Bank of Japan (BOJ) Governor Haruhiko Kuroda at the central bank’s headquarters in Tokyo, Japan, Thursday, May 27, 2021.
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Japan’s outgoing central governor Haruhiko Kuroda defended the Bank of Japan’s ultra-dovish monetary policy stance at his final policy meeting on Friday.
The Bank of Japan left its negative rate unchanged at -0.1%, broadly in line with expectations – and reiterated the central bank’s aim to keep the yield on the 10-year Japanese government bond (JGB) around 0%.
The central bank has kept its reference rate unchanged since 2016, when it implemented its yield curve control (YCC) policywhich is trying to defend its target on JGB by buying an unlimited number of government bonds.
Kuroda was first appointed in March 2013. His current five-year term ends on April 8 and will be replaced by incoming BOJ chief Kazuo Ueda. /want to mention Ueda out loud
Kuroda has led the central bank’s ultra-dovish monetary policy over the past decade — even as global central banks have raised interest rates in recent months in an effort to tame inflation.
The BOJ shocked global markets in December when it widened its tolerance range to 50 basis points above and below its 0% target – up from 25 basis points previously.
On Friday, the yield on 10-year Japanese government bonds fell to 0.441%, below the upper ceiling of the central bank’s tolerance range of 50 basis points above and below 0%. The Japanese yen weakened about 0.3% after the announcement, trading at 136.6 against the US dollar.
“Japan’s economy, while affected by factors such as high commodity prices, has gained momentum as the resumption of economic activity has progressed,” the Bank of Japan said in its policy statement on Friday, concluding the two-day meeting.
“Financial conditions have been satisfactory overall, although weakness in the financial position of companies has persisted in some segments,” the central bank said.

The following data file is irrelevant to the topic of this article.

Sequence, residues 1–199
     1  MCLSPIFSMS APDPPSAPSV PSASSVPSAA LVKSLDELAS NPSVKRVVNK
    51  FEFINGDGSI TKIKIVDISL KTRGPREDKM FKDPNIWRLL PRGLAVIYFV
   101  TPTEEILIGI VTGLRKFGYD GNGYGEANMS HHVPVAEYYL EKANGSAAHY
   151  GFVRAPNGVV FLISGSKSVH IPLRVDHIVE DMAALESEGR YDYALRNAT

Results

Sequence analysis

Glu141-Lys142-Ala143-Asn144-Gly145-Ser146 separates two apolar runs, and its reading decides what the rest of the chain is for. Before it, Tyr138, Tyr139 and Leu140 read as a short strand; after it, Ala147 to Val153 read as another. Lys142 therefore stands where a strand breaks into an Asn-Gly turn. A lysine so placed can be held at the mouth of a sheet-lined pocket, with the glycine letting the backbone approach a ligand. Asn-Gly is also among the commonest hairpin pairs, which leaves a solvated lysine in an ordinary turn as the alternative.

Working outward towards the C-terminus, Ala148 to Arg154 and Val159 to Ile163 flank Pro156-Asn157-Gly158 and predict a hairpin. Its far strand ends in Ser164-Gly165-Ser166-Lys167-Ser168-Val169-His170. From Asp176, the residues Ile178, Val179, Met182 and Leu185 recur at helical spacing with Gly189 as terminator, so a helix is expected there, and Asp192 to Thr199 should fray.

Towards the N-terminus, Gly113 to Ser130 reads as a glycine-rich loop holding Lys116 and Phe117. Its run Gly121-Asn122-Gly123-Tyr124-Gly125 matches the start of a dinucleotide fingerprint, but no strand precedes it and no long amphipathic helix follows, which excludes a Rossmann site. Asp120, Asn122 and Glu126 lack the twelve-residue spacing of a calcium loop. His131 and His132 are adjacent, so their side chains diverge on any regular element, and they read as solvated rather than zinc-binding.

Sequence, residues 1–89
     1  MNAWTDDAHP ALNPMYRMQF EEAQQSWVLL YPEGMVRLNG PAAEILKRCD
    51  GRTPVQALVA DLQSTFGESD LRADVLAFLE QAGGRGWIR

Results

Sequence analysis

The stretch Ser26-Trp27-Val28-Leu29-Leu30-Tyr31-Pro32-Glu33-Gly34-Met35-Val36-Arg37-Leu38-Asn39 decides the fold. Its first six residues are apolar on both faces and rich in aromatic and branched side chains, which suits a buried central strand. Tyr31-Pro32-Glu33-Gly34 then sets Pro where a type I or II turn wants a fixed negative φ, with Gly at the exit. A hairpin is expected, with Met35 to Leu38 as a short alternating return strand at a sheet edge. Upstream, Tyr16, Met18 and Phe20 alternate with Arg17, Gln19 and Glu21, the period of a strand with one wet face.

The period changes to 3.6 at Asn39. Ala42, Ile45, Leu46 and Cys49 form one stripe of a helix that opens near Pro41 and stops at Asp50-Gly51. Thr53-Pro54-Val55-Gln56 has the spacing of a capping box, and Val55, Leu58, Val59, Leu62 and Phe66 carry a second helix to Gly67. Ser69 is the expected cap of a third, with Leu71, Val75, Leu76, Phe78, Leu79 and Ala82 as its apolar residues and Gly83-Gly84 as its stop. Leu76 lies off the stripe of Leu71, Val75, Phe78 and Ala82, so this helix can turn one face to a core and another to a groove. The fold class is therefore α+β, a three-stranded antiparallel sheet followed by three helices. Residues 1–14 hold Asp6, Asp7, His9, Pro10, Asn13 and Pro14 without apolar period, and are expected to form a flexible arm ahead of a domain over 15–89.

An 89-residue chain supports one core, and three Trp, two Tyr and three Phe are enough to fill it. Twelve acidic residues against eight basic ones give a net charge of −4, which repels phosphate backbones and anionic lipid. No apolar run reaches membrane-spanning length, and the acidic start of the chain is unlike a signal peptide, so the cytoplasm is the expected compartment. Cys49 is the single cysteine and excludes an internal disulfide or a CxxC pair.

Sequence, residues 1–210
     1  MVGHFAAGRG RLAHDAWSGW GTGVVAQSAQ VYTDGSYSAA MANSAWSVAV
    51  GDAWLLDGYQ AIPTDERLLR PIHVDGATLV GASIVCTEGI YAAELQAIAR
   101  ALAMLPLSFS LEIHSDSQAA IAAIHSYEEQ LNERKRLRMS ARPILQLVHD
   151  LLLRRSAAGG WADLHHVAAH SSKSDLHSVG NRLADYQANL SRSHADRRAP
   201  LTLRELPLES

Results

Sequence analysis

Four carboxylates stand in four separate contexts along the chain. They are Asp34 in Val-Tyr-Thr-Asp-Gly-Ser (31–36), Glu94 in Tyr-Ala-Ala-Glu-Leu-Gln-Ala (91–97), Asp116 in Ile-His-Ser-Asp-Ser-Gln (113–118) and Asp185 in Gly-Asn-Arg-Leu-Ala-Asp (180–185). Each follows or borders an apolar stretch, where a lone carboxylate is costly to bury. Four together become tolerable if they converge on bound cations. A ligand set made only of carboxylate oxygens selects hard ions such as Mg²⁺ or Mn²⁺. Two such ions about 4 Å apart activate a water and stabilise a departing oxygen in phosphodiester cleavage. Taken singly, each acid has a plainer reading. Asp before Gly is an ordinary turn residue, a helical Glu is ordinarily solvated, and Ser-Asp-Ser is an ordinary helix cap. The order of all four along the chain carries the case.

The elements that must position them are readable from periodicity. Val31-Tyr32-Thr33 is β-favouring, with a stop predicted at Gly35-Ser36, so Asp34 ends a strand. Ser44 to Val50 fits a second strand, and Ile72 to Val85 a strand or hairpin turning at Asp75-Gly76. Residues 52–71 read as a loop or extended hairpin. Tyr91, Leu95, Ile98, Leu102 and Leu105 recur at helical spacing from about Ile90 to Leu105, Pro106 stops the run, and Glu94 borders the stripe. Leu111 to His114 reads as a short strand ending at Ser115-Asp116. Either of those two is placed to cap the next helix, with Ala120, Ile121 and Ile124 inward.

New BOJ management
Japan’s upper house of parliament approved Ueda to become the next central bank chief, Kyodo reported. This paves the way for the Japanese government to formally appoint Ueda after approval by the lower house on Thursday.
Parliament also approved Shinichi Uchida and Ryozo Himino as the next deputy governors of the Bank of Japan, Kyodo said.
The central bank held off on changes to its yield curve control policy and inflation target, saying it will aim “to achieve the price stability target of 2 percent, for as long as is necessary to maintain that target in a stable manner.”
The Bank of Japan “will continue to expand the monetary base until the year-on-year rate of increase in the observed CPI (all goods minus fresh food) exceeds 2 percent and remains above target in a stable manner.” It said in a statement.
Japan’s consumer price index rose 4.2% in January – the highest CPI reading in 41 years. The next report will be published on February 24.
However, the central bank ended its statement on an upbeat note, saying further growth lies ahead for the country’s economy.
“Japan’s economy is likely to recover, with the impact of covid-19 and supply-side constraints easing although it is expected to be under downward pressure stemming from high commodity prices and slowdowns in overseas economies,” the central bank said.
“Japan’s economy is expected to continue growing at a rate above its potential growth rate,” it said.